The process of disclosure is not automatic.  The Court will usually regulate it when giving directions.  However, the parties are free to agree a framework for disclosure if need be and even, where circumstances properly permit, to dispense with the process entirely.

3.         Pre-Action disclosure

It would be remiss not to mention Part 31.6 of the Civil Procedure Rules (CPR) which vest in the Court a discretion to direct a party to a civil dispute (before legal proceedings have started) to produce documents beforehand.  The Court may be persuaded to make an Order for what is known as pre-trial disclosure if it is satisfied that this is desirable in order to:

(1)        dispose fairly of the anticipated legal proceedings; or

(2)        assist resolution (and thus avoid the risk or prospect of a Court action); or

(3)        save costs.

If an Order is made under these provisions it must specify the documents or categories to be disclosed and require the party ordered so to do to specify any documents no longer under that party’s control or if a right or duty to withhold from inspection is asserted.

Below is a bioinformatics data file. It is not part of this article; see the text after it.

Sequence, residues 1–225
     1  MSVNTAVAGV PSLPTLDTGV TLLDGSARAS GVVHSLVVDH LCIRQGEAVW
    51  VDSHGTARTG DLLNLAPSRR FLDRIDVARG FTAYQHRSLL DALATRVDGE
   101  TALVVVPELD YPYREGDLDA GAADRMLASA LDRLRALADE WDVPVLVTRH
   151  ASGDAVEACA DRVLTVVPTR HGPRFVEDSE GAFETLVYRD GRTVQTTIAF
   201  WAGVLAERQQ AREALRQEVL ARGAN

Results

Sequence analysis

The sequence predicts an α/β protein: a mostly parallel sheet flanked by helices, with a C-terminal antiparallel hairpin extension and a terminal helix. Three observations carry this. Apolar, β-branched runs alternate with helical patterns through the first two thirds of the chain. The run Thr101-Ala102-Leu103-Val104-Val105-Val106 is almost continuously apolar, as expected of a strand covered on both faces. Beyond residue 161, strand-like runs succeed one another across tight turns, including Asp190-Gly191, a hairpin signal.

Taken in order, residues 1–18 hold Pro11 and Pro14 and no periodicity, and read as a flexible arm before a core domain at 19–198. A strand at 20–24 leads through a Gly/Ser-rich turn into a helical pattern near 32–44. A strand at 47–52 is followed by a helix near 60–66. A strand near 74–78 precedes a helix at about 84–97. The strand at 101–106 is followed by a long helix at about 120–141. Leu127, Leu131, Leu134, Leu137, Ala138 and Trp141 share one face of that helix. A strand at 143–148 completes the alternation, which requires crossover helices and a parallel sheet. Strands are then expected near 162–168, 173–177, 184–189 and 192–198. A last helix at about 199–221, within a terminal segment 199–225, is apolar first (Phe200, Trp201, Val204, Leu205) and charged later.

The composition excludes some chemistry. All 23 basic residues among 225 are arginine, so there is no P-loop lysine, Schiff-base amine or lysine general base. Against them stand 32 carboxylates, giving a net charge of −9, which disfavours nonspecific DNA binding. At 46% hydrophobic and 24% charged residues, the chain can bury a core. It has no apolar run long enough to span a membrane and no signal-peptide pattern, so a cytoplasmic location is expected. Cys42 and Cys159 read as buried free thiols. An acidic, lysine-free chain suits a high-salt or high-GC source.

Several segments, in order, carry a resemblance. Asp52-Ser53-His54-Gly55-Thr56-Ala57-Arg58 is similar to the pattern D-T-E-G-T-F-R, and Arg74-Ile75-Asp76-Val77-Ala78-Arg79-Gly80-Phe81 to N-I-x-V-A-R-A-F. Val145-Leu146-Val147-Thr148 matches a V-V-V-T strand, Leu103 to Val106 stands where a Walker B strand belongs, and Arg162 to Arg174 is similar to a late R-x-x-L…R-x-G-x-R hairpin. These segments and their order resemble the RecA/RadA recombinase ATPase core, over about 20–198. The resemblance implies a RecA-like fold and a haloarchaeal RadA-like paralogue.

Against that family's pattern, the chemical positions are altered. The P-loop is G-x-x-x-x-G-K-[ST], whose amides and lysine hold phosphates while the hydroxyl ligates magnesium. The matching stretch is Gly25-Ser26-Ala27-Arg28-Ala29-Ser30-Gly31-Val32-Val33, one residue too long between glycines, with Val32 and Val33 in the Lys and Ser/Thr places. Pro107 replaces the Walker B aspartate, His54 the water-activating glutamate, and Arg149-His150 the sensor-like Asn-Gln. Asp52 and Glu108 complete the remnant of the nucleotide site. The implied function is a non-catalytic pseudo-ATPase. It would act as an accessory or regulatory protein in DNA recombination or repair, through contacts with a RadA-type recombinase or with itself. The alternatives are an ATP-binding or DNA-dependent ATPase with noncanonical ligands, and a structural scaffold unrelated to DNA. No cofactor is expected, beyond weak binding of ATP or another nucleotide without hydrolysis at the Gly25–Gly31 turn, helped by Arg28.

The party applying needs to show that the party (from whom disclosure is sought) is a likely party to the proceedings.  If the Court is so satisfied, standard disclosure is ordered.

4.         A party’s rights to inspect

A party to whom a document has been discussed has the right to inspect that document.  There are exceptions.  These are:-

(1)        where the document is no longer in the control of the party disclosing it;

(2)        where the party disclosing the document has a right or duty to withhold it from inspection;

(3)        where disclosure might prove disproportionate to the questions in dispute, or

(4)        where disclosure arises from mediation of certain cross-border disputes.

5.         Documents no longer in a party’s control